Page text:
It’s no rare thing to find fundamentally good people. People who display extraordinary attributes of altruism that surpass even the likes of religious clerics, which is a good thing. But giving away more than you have can be self defeating.

According to Machiavelli, in people’s efforts to become generous, they lose the ability to do so. That simply means that you can only be generous until you lose everything you can be generous with.

He emphasized that the people considered extremely generous in history only did so with what didn’t belong to them in the first place. He cited figures such as Alexander the great, Cyrus and Julius Caesar who were more liberal with what wasn’t their own.

There’s nothing bad in being generous. If you have enough to give, then by all means, do so. But if don’t, do not risk your well-being and that of your family’s for someone else.

It is important to also note that Machiavelli noticed how quickly people can turn on you if you tell them “no”. You become either poor or despised, “seeking to escape poverty”.

3. People cannot be trusted (Cruelty and Compassion)

This is harsh but true. Machiavelli strongly objected to promises made with just words. They could be easily broken.

His words were: “Men are ungrateful, fickle, liars and deceiver. They shun danger and are greedy for profit. While you treat them well, they are yours… But when you are in danger, they turn you away” those words deeply and quite aggressively reflected his views on humanity. But his stance on trust was somewhat accurate.

You should not depend entirely on trust. If you do, be ready to get your heart broken.

4. Education is important (How a prince should organize his militia)

Machiavelli’s idea of education was taking military exercises in the art of war during and after wartime.

He stated how important it is for a prince to know more about war and historical events based on war.

Similarly, in our generation, education is equally important. Knowledge has become more powerful than ever. And what is the best way of acquiring knowledge than education?

You don’t need to know about the art of war, it’s execution and implementation. But learning how to read and write is of equal importance.

5. Always expect the unexpected. (How a prince should organize his militia)

Philopoemen, as cited by Machiavelli, was praised for thinking of war during peacetime. He casually engaged in conversations about military strategy amongst friends.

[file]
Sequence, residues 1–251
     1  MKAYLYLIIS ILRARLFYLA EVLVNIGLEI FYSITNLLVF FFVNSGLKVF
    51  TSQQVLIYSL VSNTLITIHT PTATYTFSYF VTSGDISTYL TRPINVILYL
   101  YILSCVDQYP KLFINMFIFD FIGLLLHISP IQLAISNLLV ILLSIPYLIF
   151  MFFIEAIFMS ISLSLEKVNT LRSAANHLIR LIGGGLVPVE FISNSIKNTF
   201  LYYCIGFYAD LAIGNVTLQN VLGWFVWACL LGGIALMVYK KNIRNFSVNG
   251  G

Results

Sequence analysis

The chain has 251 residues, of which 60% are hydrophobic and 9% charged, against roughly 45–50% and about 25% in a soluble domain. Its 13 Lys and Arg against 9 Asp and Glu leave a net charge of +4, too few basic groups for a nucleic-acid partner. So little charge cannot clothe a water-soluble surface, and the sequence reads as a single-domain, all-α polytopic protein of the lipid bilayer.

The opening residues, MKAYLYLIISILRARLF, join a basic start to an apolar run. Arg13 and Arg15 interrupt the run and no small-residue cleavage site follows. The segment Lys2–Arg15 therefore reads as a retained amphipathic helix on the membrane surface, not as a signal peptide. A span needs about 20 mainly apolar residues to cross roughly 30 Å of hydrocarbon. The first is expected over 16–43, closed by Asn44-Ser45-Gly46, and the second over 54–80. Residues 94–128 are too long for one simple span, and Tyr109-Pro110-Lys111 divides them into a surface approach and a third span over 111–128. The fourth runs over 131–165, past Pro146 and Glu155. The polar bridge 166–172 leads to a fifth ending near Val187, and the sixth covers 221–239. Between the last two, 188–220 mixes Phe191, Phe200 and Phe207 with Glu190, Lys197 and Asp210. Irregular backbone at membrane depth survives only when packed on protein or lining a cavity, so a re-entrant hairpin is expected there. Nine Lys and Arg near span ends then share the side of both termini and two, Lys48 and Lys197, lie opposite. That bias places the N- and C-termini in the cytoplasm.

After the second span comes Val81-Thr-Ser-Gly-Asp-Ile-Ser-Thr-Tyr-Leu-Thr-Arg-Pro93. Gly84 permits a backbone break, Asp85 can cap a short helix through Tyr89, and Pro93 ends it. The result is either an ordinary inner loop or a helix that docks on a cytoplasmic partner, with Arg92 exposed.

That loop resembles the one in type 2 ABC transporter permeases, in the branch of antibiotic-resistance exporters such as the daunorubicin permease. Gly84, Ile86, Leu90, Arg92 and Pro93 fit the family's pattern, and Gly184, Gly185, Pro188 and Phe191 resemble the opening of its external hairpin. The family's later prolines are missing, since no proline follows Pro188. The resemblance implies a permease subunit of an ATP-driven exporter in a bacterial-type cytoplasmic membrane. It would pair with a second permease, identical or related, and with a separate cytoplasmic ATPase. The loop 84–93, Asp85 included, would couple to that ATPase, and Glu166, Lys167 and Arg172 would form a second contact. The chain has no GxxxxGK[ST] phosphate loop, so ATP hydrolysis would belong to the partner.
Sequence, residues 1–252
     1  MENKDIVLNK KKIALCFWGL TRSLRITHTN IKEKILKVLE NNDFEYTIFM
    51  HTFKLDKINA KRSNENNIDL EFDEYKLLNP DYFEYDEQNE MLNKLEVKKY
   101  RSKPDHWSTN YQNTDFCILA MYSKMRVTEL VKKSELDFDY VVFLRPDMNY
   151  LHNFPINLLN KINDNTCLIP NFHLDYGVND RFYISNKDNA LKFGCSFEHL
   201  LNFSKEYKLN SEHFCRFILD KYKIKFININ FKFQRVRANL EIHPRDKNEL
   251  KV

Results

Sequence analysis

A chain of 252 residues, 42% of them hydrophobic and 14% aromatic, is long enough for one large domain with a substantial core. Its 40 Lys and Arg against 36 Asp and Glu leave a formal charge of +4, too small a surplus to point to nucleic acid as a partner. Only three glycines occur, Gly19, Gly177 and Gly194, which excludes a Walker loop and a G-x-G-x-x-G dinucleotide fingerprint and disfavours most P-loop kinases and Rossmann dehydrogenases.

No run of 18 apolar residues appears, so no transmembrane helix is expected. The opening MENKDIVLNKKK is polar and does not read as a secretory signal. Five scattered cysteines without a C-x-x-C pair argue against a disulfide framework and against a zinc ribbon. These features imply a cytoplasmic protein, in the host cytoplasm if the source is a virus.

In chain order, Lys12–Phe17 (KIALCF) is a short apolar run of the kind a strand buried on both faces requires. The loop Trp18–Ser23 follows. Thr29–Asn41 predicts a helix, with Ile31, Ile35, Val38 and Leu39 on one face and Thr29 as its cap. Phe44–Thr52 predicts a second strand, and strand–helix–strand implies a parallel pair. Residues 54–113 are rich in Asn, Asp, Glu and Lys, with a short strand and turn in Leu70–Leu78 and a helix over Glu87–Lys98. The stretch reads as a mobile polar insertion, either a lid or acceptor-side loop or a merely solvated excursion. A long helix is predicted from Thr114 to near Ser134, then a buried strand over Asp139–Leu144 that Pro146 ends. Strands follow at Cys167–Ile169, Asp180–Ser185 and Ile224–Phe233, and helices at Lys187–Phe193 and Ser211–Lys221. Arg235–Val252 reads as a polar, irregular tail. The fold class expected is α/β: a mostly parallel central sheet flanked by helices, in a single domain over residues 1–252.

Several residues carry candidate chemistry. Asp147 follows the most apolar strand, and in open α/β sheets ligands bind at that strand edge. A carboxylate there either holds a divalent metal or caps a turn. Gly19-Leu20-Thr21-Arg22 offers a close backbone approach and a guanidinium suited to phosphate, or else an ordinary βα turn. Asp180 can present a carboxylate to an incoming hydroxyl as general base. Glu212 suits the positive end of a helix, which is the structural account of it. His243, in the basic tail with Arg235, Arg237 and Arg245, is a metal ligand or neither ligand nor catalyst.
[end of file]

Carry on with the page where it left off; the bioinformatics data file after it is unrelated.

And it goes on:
You have to expect an unexpected change in your life at an unexpected point, one you could not have foreseen. It is always wise to prepare for them.

Setting aside money for an unforeseeable financial problem in the future would be the modern day equivalent to expecting the unexpected. Just like Philopomen.

6. You cannot be all good (and it’s okay). (The things for which men, and especially princes are praised or blamed)

In an era where black is white and white is black and it’s near impossible to tell one from the other, we are often faced with moral ambiguity.

Should I do the “right” thing and hurt someone else in the process? What exactly is the right thing in the first place?. Well Machiavelli says it’s okay. No one is all good.

He enumerated qualities such as faithfulness, courageousness, frivolousness and religiousness. It is laudable for a prince to have them, but due to the “conditions of the world”, princes cannot have those qualities and observe them completely.

Real life is complex and it is not without his drawbacks.

7. Decisiveness and Conviction. (how a prince must win honour)

According to Machiavelli, there’s danger in neutrality and being completely at someone else’s mercy.

Delaying a problem doesn’t actually help you in any way. Indecision equals failure. That’s not ruling out patience completely which is instrumental in solving the problem. But there’s a fine line between patience and delay.

A problem is better solved when confronted.

8. Having a reputation for cruelty is hazardous (The need to avoid contempt and hatred)

Most people do not make it their life’s mission to be known as cruel. They might consider themselves as being strict or forward, but others might see them as bad, wicked and cruel.

Knowingly or not, being cruel is bad in any century. Machiavelli knew this and discuss the topic at length.

A prince, according to him, must always try to avoid being hated and despised by his subjects. Otherwise he risks a rebellion or an uprising.

“Cruelty” is a word that probably comes to mind when discussing Machiavelli and as evidenced in his works about how morality can be altered, it’s not so surprising. But he also noted how cruelty has incited revolutions and brought down empire s. The lesson here is, always try to be kind..

Why Art Collectors Are in Love With Floral Paintings These Days

Reproductions of floral paintings are selling like hot cakes in online stores dedicated to modern art for sale, sculpture home décor and more

With floral art and floral paintings becoming coveted products for art collectors globally, smart replications and reproductions of some of the most valued floral art forms are making their presence felt in art stores online. Art lovers have a fancy for floral art for two significant reasons, their beauty and meaning. Different flowers tend to have different kinds of symbolic messages attached to them; therefore some flowers tend to be more popular and wanted than others. Across history, artists had been inspired by the prettiest flowers and found them to be the perfect objects for their paintings.

Did you know that some of the earliest known paintings depicted flowers and plants? Here, we have assembled some floral paintings, sculpture home décor that are being purchased by art enthusiasts globally.

‘Roses and Sunflowers’ (1886):

A masterpiece by Vincent van Gogh, this 1886 creation is currently hosted at ‘Kunsthalle Mannheim’, a much famed museum showcasing modern and contemporary paintings. Like most paintings and art forms by Vincent van Gogh, this one was also created with oil upon canvas. An art store online selling floral painting reproductions would surely have this on its cards.

‘Bouquet’ (1599)

If you have already invested in the best modern art for sale online and would like to opt for something flowery for a change, then this Jan Brueghel the Elder painting is what you should go for without any further ado. Painted in 1599, the epic creation is one of the oldest floral paintings known to mankind. It portrays many beautiful flowers and serves to be a wonderful example of conventional floral art